Another demand-depressing factor has been the trend toward young adults living with their parents or an additional roommate, rather than forming their own new households. Household formation traditionally creates demand for smaller or less costly starter homes, the sales of which, in turn, allow current homeowners to buy larger or more expensive residences.
"What we have today is a weak recovery in the labor market, which is holding back some of the household formation," Yun says. "The only way to unleash this household formation is to have strong consistent job growth."
The national unemployment rate stood at 9.1 percent, or nearly 14 million people, in May. Another 8.5 million people were employed part time, but wanted full-time positions.
Homeownership loses appeal
Sharga points to a shift in consumers' attitudes toward homeownership as a factor in the housing sector's weakness: People aren't as interested in buying homes as they used to be. One recent RealtyTrac survey found that a huge percentage of today's renters don't want to buy a home -- ever.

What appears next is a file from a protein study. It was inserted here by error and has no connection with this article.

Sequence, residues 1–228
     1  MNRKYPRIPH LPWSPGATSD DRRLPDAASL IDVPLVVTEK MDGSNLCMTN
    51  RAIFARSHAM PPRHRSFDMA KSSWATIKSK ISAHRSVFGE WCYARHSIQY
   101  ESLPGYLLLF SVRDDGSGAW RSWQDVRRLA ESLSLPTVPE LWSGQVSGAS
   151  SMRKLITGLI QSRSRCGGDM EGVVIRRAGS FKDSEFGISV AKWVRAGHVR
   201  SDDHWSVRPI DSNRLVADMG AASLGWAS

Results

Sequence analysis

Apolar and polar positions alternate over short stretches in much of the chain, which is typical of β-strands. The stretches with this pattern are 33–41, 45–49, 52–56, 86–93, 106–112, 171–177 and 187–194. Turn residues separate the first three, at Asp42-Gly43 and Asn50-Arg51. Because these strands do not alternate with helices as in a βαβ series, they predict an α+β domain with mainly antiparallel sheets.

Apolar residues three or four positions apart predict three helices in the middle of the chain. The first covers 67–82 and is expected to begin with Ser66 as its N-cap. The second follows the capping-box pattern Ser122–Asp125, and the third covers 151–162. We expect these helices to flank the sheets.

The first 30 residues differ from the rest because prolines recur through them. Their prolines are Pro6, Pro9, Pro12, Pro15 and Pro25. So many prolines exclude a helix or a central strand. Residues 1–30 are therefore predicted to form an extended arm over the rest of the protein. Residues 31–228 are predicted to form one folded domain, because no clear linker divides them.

"No one wants to catch that proverbial falling knife (of lower home prices) and no one wants to become the next foreclosure statistic, so it really is an issue," Sharga says.
Like the slower household formation, that lack of homebuying enthusiasm translates to less demand for entry-level houses and less opportunity for current homeowners, who might not have much equity, to trade up to another home.
So what will it take to get housing back in action? In short, a chain reaction of a robust economy, strong job growth and more household formation, easier credit, fewer foreclosures and an absorption of the existing excess supply of for-sale homes.
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